The potential harm – cancer, leukemia, respiratory ailments – to Hamilton residents was staggering. Washington Post journalist Penny Chorlton wrote an article in November 1982 that brought to life the chemical horrors Hamilton faced: “Past the city ballfields, the swimming pool, and the low-income neighborhood of Northend, a pungent chemical smell leads the way to the abandoned Chem-Dyne toxic waste dump site.” 

Chorlton quoted 65-year-old Hamilton resident Margaret Peters, who said, “The fumes were something terrible. You just couldn’t breathe, you’d have to go inside if the wind was blowing that way.” 

And she interviewed University of Cincinnati Chemistry Professor Harry Marks. “The leakages were atrocious. I’ve been a chemist for 25 years and I’ve seen nothing like it,” Marks exclaimed. 

Amid this climate, the EPA began working toward the first voluntary settlement of the Superfund age, working to secure $2.2 million in cleanup funds from both Kovacs and Whitten and the companies who had given them the chemicals and had, at least in some cases, disregarded evidence of the shoddy storage. 

On August 26th, 1982, the EPA secured the cooperation of more than 100 corporations to contribute money and expertise to the cleanup. At the same time, the Department of Justice sued the 25 resistant firms, which included such industrial giants as Monsanto and Phillips Petroleum, in hopes of securing an additional $1 million to devote to the remediation effort. The EPA estimated that the responsible companies would ultimately pay 70% of the price tag.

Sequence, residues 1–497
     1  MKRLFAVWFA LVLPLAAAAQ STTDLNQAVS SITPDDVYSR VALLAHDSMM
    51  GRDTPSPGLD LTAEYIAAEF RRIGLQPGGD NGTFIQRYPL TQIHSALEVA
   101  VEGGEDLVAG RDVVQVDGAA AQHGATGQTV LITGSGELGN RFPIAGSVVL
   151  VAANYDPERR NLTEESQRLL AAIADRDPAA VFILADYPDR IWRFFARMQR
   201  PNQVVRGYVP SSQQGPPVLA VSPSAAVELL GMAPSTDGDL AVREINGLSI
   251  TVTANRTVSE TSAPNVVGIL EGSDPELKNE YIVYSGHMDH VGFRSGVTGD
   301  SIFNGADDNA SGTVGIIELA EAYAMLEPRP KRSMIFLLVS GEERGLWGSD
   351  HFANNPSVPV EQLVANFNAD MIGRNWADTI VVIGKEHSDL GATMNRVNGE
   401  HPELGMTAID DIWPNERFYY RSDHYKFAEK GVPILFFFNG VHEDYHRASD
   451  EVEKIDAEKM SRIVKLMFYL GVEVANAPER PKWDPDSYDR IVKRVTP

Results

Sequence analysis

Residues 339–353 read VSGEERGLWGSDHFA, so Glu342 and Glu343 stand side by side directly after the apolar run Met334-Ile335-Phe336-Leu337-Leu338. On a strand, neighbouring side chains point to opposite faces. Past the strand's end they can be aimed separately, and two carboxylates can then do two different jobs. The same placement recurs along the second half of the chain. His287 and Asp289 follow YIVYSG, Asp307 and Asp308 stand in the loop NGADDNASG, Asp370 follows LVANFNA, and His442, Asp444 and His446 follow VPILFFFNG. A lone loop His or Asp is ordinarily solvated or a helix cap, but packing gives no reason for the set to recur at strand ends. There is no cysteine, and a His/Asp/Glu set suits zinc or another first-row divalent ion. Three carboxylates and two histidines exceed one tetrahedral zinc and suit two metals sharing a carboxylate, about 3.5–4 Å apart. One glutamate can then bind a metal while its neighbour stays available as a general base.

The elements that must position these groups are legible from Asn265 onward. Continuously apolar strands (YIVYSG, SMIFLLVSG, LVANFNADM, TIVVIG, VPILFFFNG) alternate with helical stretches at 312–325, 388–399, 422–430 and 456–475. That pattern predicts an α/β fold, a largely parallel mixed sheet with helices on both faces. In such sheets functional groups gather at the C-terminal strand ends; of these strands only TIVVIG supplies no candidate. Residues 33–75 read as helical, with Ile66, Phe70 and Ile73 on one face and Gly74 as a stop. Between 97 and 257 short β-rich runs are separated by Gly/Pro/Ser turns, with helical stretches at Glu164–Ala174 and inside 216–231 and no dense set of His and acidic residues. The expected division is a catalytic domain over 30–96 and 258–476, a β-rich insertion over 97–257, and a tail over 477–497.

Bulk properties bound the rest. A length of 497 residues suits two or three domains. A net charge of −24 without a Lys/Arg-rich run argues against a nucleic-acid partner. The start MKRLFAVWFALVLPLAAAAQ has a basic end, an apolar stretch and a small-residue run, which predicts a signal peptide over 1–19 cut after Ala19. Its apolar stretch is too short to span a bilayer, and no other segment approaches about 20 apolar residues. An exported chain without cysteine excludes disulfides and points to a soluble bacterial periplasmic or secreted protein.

Initially, EPA Administrator Anne Gorsuch Burford – Supreme Court Justice Neil Gorsuch’s mother – was enthusiastic about the level of corporate cooperation in the quest, calling the arrangement “dramatic evidence of a new trend.” She continued: “We believe this is being engendered by EPA’s approach of a willingness to negotiate, backed with a strong enforcement commitment to litigation where negotiation fails to reach voluntary resolution.” 

Gorsuch’s optimism, however, would soon appear premature, as Washington was beginning to comment on an emergent EPA pattern of financial and rhetorical leniency toward polluters. 

As 1982 dragged on and cleanups at Chem-Dyne, the Seymour dump, and other high-profile Superfund sites moved slowly, Congress began to zero in specifically on the outspoken pro-business, pro-GOP tendencies of Rita Lavelle, the head of the Agency’s hazardous waste program. 

Several California legislators were convinced that LaVelle, a former defense contractor at rocket-engine firm Aerojet General and a close personal friend of Reagan aide Edwin M. Meese III, had slowballed the cleanup of the Southern California Stringfellow Acid Pits in order to sabotage Democratic Governor Jerry Brown, who in Fall 1982 was running an unsuccessful Senate campaign against Republican Pete Wilson. 

Congress subpoenaed documents related to hazardous waste investigations to ensure that the EPA was not cutting sweetheart deals with corporations. Gorsuch refused to turn the documents – including some about Chem-Dyne – over to Congress, and was held in contempt. 

Georgia Democratic Representative Elliott Levitas, however, was also interested in the status of the Seymour, Indiana site – the other dump owned by Whitten and Kovacs. Lavelle had negotiated a $7.7 million settlement with another coterie of companies to clean the site, a deal that Levitas believed was far too kind to business. 

Increasingly under threat, Lavelle lashed out at EPA Counsel Robert Perry. Lavelle believed that Perry was pushing for overly-onerous settlements and that he had been unfair in criticizing  her work with the Seymour site. Lavelle allegedly wrote a memo excoriating Perry as “alienating…the primary constituency of this administration, big business.” The memo quickly leaked to the New York Times. Amid a media frenzy, Gorsuch moved to fire Lavelle in early February. 

Post-firing, Lavelle appeared before Levitas’ Subcommittee in late February, making further news by repeatedly contending that her phone was tapped and admitting that she had allowed executives from companies she was investigating to pay for fancy dinners.